I’m chagrined to admit that at first I found it a challenge to locate Slovenia on a map. In my somewhat limited experience of Central Europe, Slovenia was one of those countries that you only really heard about at the Eurovision Song Contest. But its mystique was what really made me excited about my visit to this lesser-known and relatively new member of the European Union. Nestled between Italy, Austria and Croatia, this former Yugoslavian state is a melting pot of surprises, beautiful clichés and hangovers.
I’m sat on a pletna, a Slovenian row-boat, on the beautiful, picture-postcard, Alpine flanked Lake Bled, in the northwest of the country – it is as if I’m in some surreal Balkan dream, coasting slowly towards the Blejski Otok, Slovenia’s only island and the focal point of the lake, home to a Gothic-Baroque fusion, 15th century church. Our hard-faced ferryman mutters that it is considered good luck to ring its church bell at the top of the island’s hundred steps from the jetty and a nuptial rite to carry your loved one up – prompting a break in the still, rural silence as I debate with my partner as to who would carry who.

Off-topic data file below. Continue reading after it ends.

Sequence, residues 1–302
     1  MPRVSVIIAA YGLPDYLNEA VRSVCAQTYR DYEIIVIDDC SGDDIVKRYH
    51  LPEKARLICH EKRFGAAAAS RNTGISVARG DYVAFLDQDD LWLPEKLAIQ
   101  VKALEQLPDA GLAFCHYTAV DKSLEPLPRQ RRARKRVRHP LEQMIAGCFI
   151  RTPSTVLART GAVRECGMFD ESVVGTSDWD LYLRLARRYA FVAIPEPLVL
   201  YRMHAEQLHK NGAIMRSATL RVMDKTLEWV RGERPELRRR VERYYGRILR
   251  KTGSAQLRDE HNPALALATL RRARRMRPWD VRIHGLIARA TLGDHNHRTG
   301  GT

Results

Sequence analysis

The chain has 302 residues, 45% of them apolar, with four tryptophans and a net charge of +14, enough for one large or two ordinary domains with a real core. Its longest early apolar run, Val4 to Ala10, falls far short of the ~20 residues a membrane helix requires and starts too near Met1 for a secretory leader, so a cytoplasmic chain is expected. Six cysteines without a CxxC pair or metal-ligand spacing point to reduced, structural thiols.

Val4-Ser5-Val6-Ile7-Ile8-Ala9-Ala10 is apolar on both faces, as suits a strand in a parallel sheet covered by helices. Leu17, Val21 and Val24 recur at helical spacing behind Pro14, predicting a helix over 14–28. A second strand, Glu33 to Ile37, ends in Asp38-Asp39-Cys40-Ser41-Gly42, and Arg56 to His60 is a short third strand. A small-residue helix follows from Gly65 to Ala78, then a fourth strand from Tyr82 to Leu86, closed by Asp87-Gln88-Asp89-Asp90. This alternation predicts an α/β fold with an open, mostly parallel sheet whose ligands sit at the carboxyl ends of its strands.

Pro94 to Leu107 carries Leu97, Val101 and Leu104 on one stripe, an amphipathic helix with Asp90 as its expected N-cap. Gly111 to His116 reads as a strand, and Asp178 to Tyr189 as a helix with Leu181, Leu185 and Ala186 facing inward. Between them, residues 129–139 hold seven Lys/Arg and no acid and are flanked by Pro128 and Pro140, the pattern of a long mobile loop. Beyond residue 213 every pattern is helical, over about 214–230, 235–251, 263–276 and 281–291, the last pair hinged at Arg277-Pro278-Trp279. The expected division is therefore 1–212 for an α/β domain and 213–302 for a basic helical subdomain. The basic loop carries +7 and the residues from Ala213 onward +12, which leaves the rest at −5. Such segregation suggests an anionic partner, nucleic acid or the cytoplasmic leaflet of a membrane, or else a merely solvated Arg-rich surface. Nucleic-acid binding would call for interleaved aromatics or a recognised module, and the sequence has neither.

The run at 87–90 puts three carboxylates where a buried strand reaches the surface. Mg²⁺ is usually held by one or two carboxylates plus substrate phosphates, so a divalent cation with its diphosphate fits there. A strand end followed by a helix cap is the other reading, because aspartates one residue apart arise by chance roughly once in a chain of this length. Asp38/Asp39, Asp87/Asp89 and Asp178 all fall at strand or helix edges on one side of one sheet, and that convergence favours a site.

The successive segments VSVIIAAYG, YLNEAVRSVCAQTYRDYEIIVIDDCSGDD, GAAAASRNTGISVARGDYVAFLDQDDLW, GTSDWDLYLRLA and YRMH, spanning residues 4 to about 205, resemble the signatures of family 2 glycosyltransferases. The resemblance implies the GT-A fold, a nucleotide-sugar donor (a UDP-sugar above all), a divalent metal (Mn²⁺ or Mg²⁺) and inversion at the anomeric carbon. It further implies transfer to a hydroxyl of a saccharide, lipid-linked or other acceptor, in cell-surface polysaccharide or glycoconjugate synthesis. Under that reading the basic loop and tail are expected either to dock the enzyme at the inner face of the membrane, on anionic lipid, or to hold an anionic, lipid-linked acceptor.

Our ferryman chortles; our exchange didn’t seem to phase him. After all, he has been rowing here for forty nine years and has clearly seen it all. Bled is in his blood – the lake’s boatmen can only pass the trade down to relatives and it was his intention in one year to pass on his oars, just as his ancestors had to him. The country is steeped in traditions like this, but not a lot of it is actually “Slovenian” as we know it. Our rower reminds us that it is his children who consider themselves Slovenian, he spent most of his life being Yuglosavian and his parents, were Austro- Hungarian – each generation its own sense of identity, and language. And on the subject of language, like most locals, he’s multi-lingual, with English, German, Italian, Croatian and Russian at the tip of his tongue, as well as the vernacular.
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